The attorney for Terence Crutcher’s widow believes there should be more video of his death at the hands of a Tulsa police officer.
According to a TPD policy manual, officers are able to trigger dash cam video recording five different ways, including by pressing a button on a microphone worn on their duty belts or elsewhere. Attorney Dan Smolen wants to know why there’s no video from Officer Betty Shelby’s car when she was there two minutes before anyone else.
"Either they're in violation of their policy because she was not equipped with one of the triggering devices, or explain why, if she was in such fear for those two minutes, she didn't trigger the recording device," Smolen said.
Smolen is representing Frenchel Renee Johnson-Crutcher in estate proceedings and a potential civil suit. Smolen said Shelby’s husband was overhead when she shot Crutcher, and he’s asking TPD for its helicopter logs.
"Did he often patrol with her aerial while she was on the ground? And the logs will establish that," Smolen said. "This could have been purely coincidental, but it seemed odd to me."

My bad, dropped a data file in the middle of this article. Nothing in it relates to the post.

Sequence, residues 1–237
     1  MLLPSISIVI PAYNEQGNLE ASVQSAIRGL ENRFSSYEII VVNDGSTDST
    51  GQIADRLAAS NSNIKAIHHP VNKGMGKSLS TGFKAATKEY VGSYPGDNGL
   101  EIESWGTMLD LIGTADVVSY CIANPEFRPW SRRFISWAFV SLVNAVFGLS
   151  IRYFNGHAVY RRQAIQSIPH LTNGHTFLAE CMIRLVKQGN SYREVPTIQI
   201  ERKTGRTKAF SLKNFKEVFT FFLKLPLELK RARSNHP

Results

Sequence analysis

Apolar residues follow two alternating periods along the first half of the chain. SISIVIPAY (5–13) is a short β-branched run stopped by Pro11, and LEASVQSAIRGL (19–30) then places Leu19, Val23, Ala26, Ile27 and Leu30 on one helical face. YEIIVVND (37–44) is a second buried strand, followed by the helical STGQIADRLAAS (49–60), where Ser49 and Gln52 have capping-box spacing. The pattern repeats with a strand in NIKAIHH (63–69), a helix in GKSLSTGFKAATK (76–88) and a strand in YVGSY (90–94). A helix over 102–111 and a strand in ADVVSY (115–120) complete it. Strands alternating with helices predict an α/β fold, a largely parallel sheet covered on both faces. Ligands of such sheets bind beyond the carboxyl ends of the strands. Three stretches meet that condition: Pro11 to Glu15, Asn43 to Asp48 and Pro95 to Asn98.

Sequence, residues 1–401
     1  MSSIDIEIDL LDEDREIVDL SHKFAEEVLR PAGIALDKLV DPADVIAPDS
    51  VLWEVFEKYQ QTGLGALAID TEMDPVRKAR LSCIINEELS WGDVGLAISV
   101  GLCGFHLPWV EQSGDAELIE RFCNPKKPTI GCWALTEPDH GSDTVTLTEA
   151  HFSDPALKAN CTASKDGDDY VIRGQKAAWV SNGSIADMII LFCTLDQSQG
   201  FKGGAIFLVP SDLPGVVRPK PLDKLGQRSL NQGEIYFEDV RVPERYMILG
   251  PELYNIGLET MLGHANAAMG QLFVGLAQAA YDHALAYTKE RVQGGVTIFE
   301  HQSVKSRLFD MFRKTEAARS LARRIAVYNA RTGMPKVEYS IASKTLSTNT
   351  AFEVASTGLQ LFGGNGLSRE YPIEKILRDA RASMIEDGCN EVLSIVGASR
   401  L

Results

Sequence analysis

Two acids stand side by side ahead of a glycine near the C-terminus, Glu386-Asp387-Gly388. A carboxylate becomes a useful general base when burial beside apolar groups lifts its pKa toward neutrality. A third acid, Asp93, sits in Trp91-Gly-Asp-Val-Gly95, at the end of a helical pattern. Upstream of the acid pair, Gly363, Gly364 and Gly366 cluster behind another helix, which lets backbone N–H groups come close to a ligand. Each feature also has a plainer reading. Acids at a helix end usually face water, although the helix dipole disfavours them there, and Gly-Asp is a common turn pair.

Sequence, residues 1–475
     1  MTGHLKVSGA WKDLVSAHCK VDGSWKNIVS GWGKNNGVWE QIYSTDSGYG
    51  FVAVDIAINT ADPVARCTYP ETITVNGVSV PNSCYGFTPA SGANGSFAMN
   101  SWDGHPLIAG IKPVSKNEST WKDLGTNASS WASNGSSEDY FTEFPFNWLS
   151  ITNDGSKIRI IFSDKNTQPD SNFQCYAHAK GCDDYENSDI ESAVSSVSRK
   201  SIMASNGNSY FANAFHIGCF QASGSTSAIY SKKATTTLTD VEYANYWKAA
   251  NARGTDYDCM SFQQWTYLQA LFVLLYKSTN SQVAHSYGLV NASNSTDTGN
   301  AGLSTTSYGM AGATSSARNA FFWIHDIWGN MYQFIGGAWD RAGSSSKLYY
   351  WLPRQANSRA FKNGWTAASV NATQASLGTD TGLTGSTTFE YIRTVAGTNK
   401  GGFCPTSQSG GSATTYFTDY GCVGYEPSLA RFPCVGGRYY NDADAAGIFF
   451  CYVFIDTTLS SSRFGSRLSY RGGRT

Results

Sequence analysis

A civil suit would be based on potential violations of Crutcher's civil rights. Smolen is looking into whether Crutcher’s right to equal protection was violated, whether excessive force is a systemic issue within TPD and whether TPD offered Crutcher appropriate accommodations under the Americans with Disabilities Act.
"We'll get into more of the medical side of it when we get the medical records. We requested medical records from EMSA, St. John's and Tulsa Fire Department, and once we receive those, we'll release them to the public," Smolen said.
The U.S. Department of Justice is conducting its own civil rights investigation into the Sept. 16 shooting. Shelby has been charged with first-degree manslaughter.
Smolen represented Eric Harris’ brother after Harris was fatally shot by a volunteer sheriff’s deputy in April 2015.